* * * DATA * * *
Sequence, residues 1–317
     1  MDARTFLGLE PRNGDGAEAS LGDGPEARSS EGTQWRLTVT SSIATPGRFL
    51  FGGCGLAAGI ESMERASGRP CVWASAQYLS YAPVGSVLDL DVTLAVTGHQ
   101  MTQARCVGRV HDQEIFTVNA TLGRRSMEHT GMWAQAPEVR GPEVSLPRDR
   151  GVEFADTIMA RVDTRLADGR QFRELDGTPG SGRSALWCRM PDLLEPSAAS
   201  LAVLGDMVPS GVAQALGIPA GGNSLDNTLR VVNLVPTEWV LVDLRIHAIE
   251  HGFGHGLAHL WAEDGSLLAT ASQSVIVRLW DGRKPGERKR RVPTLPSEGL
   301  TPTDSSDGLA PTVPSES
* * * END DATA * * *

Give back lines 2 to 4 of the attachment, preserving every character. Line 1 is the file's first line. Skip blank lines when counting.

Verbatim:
     1  MDARTFLGLE PRNGDGAEAS LGDGPEARSS EGTQWRLTVT SSIATPGRFL
    51  FGGCGLAAGI ESMERASGRP CVWASAQYLS YAPVGSVLDL DVTLAVTGHQ
   101  MTQARCVGRV HDQEIFTVNA TLGRRSMEHT GMWAQAPEVR GPEVSLPRDR